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Andrea K. Walker, The Baltimore Sun | May 5, 2014
Five thousand workers at the University of Maryland Medical Center now have labor protections under the National Labor Relations Board thanks to a bill signed by Gov. Martin O'Malley Monday. Local labor union 1199SEIU United Healthcare Workers East had pushed for legislation that would allow the workers to unionize. Attorney General Doug Gansler issued an opinion on the matter last year saying the Maryland General Assembly had the authority to enact legislation subjecting UMMC to Maryland's collective bargaining law. In Maryland, private hospitals fall under the National Labor Relations Board and public hospitals fall under the Maryland Labor Relations Act. The University of Maryland Medical Center was governed by neither.
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NEWS
July 24, 2013
A recent Sun Article by Andrea Walker discussed the University of Maryland Medical Center's intention to rename Kernan Orthopaedics and Rehabilitation Hospital ("Kernan hospital changing name," July 8). James Lawrence Kernan was a Baltimore businessman who owned theaters and hotels. Mr. Kernan moved into one of his hotels and converted his mansion and estate to a hospital for children and later to include adults who required rehabilitative care. During his lifetime, Mr. Kernan watched his dream come true and the hospital become a success.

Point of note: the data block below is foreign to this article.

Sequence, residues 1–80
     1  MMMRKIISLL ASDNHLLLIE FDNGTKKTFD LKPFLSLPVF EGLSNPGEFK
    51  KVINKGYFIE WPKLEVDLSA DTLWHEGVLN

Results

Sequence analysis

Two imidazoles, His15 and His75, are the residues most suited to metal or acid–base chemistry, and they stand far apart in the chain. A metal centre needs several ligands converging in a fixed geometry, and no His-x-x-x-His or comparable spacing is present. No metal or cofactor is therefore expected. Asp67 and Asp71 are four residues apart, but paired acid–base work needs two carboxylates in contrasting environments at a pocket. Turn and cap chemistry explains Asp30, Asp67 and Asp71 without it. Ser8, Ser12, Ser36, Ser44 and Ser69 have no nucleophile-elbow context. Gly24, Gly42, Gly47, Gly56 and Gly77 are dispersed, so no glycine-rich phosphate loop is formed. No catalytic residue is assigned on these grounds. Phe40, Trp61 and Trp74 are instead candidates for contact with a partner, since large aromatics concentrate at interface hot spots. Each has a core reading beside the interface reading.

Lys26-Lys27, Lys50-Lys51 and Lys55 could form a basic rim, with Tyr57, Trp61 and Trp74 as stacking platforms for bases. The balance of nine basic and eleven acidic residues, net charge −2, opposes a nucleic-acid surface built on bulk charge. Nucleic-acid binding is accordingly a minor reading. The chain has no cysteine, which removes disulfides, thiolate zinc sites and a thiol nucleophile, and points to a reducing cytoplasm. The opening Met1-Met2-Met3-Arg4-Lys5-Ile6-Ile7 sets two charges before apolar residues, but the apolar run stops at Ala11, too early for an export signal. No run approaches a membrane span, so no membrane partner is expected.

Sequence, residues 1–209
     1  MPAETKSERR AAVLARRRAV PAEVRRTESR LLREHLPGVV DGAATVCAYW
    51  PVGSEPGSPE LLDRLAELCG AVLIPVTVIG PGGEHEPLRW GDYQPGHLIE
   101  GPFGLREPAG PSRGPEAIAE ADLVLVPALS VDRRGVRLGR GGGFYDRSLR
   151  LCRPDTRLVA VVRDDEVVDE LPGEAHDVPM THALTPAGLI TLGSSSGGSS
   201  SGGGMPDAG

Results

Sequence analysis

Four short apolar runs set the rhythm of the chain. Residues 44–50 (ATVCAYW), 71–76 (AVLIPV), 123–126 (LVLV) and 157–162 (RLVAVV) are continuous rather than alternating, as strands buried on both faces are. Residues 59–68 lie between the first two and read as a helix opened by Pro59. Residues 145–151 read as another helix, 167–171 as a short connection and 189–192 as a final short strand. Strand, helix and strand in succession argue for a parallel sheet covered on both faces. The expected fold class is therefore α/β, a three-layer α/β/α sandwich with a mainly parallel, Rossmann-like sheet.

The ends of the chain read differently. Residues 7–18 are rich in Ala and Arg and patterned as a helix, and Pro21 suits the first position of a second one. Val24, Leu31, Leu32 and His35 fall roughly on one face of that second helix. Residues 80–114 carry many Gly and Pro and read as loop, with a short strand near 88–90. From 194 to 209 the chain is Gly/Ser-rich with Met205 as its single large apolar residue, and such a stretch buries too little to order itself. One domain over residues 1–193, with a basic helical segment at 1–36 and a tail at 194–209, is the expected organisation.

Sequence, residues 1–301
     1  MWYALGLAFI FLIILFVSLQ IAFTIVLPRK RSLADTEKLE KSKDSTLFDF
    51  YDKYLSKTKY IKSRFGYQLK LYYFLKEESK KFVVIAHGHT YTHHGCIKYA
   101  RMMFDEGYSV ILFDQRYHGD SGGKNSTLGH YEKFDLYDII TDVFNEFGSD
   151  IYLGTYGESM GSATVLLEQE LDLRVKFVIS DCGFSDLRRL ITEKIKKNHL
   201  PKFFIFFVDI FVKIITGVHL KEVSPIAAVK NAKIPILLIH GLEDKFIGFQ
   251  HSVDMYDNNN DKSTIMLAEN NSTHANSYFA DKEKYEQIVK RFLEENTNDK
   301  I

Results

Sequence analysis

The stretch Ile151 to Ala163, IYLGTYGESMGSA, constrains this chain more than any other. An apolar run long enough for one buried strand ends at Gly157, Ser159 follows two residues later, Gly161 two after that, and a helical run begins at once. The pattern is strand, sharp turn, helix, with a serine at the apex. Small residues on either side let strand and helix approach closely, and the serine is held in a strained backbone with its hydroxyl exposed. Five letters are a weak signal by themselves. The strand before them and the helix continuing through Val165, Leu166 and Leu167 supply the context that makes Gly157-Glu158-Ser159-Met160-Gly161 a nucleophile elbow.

HEALTH
By Scott Dance, The Baltimore Sun | December 7, 2013
The union representing thousands of Maryland health care workers is renewing a push to apply state labor protections and collective bargaining laws to employees at the University of Maryland Medical Center, a move that hospital officials say is not needed to allow unionizing there. A November opinion from the state attorney general's office spurred 1199SEIU United Healthcare Workers East to argue that state officials should oversee the hospital's labor relations, which includes not just unionizing but responding to any grievances from nonunion employees.
NEWS
By Justin Fenton, The Baltimore Sun | December 2, 2013
Fire investigators found cigarettes and a lighter in the hospital bed of a man who died in a fire at University of Maryland Medical Center, but the cause of the fire has not been conclusively determined, a report of the incident shows. The report provides the first information released in the Nov. 8 death of William Turner, 53, at the downtown Baltimore hospital. An autopsy earlier determined that Turner died of smoke inhalation and burns that caused complications to his underlying hypertensive cardiovascular disease.
HEALTH
By Andrea K. Walker, The Baltimore Sun | May 9, 2013
Johns Hopkins Hospital charged $13,667 on average to treat one admission of a Medicare patient with diabetes in 2011, while a couple of miles away Mercy Medical Center billed an average of $8,425. The University of Maryland Medical Center charged $9,045 on average to treat a kidney and urinary tract infection, while a short distance away Bon Secours Hospital's charges averaged $11,922. Data released by the federal government Wednesday show that what hospitals charge Medicare to treat patients varies widely.